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Colombian president calls for legalisation of marijuana

Category: Legalization | Posted on Wed, October, 26th 2011 by THCFinder
Finally a president who gets it and is willing to talk about his support of legalization of marijuana and cracking down on the real hardcore drugs instead of wasting time and money on a failed drug war against Cannabis.
 
Mr Santos added his voice to a growing list of influential figures in Latin America demanding a rethink of the policies that have been used for decades to fight the drugs trade.
 
He said legalising softer drugs such as marijuana worldwide could help improve international efforts to deal with harder drugs such as cocaine and heroin.
 
"The world needs to discuss new approaches ... we are basically still thinking within the same framework as we have done for the last 40 years," he said.
 
Asked if making marijuana legal could offer a way forward, Mr Santos said it could and that he would support it "provided everyone does it at the same time". But he emphasised that other countries needed to take the lead, saying the issue was "a matter of national security" for Colombia, whereas "in other countries this is mainly a health and crime issue".
 
"Drug trafficking is what finances the violence and the irregular groups in our country. I would be crucified if I took the first step," he said in an interview with Metro, the global free daily newspaper chain.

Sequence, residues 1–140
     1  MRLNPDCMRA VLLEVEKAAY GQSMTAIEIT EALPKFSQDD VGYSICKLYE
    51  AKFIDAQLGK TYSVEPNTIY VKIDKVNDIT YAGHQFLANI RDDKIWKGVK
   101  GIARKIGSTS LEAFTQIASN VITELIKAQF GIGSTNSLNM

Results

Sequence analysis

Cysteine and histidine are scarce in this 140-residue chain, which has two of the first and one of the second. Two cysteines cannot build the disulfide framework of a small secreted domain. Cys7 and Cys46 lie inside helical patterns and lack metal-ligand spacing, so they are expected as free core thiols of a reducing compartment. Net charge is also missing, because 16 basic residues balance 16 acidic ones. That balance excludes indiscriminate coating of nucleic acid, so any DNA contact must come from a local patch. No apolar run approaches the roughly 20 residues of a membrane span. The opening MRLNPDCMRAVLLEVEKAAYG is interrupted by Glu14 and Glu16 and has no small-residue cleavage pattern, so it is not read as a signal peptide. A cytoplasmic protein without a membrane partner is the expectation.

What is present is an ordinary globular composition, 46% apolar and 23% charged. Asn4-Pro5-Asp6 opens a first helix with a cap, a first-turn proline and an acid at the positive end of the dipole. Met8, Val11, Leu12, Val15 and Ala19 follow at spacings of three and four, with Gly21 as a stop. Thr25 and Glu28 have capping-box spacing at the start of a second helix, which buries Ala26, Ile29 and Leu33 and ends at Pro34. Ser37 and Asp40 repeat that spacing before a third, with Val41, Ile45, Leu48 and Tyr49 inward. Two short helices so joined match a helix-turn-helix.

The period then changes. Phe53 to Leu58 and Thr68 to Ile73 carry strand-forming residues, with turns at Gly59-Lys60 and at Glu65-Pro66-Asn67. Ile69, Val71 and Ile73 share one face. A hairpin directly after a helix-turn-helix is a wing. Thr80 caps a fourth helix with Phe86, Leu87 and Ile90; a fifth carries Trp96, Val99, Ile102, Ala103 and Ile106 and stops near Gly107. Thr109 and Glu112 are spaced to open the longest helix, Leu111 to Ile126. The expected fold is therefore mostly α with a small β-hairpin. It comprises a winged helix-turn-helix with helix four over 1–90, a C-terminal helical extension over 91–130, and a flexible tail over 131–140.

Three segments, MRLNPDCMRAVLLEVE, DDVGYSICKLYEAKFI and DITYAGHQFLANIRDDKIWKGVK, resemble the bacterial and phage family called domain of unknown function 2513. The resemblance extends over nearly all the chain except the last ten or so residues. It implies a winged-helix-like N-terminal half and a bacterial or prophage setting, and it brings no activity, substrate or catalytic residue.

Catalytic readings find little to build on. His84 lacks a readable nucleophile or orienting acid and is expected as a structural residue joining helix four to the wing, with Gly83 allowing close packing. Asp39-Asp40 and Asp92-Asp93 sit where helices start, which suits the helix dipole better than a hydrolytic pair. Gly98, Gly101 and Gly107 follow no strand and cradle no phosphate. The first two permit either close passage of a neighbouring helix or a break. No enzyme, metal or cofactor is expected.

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Clearing the smoke: Why marijuana should be legalized

Category: Legalization | Posted on Fri, October, 7th 2011 by THCFinder
To toke or not to toke? That has been the question springing up like whack-a-mole all over the country. The effort to legalize marijuana has won small battles, but despite record-setting support for legalization – 46 percent by the latest Gallup poll in Oct. 2010 – marijuana remains illegal in most of the country, including Minnesota.
 
Why is marijuana illegal, exactly? The drug has a complicated legal history, and its prohibition is intimately tied with industry monopolizing and even hints of racism against the black men of blues music from the early 20th century, who had a reputation for smoking up, but the better question is why is it still illegal?
 
Prisons are overflowing with peaceful potheads who just wanted to listen to their Pink Floyd, man, and the government is sinking more and more of your tax dollars into keeping the Drug War going. But is this a battle worth fighting? First thing’s first. Does it work?
Well, um. No.
 

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Legalize Marijuana

Category: Legalization | Posted on Thu, October, 6th 2011 by THCFinder

Why haven't we legalized Marijuana yet?

 


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Marijuana Measure In Colorado Survives Legal Challenges

Category: Legalization | Posted on Thu, September, 29th 2011 by THCFinder

Colorado keeps on pushing for Marijuana legalization and is getting one step closer to making that become a reality!

DENVER, Colo. -- A proposed ballot measure to legalize marijuana for recreational use in Colorado has survived two legal challenges.